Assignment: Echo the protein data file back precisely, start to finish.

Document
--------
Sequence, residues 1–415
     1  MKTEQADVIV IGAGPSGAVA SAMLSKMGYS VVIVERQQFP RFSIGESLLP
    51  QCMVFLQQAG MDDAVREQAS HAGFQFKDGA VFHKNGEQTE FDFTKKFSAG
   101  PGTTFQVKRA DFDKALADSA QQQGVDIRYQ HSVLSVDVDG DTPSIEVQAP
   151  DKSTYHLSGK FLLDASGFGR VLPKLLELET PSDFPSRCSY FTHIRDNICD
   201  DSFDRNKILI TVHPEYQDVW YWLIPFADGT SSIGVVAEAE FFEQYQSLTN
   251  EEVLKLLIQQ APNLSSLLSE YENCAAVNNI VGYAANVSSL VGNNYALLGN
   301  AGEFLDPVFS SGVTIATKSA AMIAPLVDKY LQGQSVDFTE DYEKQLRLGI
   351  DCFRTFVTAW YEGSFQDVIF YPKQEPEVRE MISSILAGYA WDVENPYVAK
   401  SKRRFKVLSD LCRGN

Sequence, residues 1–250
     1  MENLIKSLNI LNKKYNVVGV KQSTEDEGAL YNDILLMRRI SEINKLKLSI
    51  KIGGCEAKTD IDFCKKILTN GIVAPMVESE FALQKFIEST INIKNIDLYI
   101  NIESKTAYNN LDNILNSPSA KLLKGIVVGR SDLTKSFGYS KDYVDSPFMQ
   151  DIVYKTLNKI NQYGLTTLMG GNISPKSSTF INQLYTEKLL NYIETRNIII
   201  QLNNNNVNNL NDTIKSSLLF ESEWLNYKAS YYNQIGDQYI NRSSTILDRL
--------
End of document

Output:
Sequence, residues 1–415
     1  MKTEQADVIV IGAGPSGAVA SAMLSKMGYS VVIVERQQFP RFSIGESLLP
    51  QCMVFLQQAG MDDAVREQAS HAGFQFKDGA VFHKNGEQTE FDFTKKFSAG
   101  PGTTFQVKRA DFDKALADSA QQQGVDIRYQ HSVLSVDVDG DTPSIEVQAP
   151  DKSTYHLSGK FLLDASGFGR VLPKLLELET PSDFPSRCSY FTHIRDNICD
   201  DSFDRNKILI TVHPEYQDVW YWLIPFADGT SSIGVVAEAE FFEQYQSLTN
   251  EEVLKLLIQQ APNLSSLLSE YENCAAVNNI VGYAANVSSL VGNNYALLGN
   301  AGEFLDPVFS SGVTIATKSA AMIAPLVDKY LQGQSVDFTE DYEKQLRLGI
   351  DCFRTFVTAW YEGSFQDVIF YPKQEPEVRE MISSILAGYA WDVENPYVAK
   401  SKRRFKVLSD LCRGN

Sequence, residues 1–250
     1  MENLIKSLNI LNKKYNVVGV KQSTEDEGAL YNDILLMRRI SEINKLKLSI
    51  KIGGCEAKTD IDFCKKILTN GIVAPMVESE FALQKFIEST INIKNIDLYI
   101  NIESKTAYNN LDNILNSPSA KLLKGIVVGR SDLTKSFGYS KDYVDSPFMQ
   151  DIVYKTLNKI NQYGLTTLMG GNISPKSSTF INQLYTEKLL NYIETRNIII
   201  QLNNNNVNNL NDTIKSSLLF ESEWLNYKAS YYNQIGDQYI NRSSTILDRL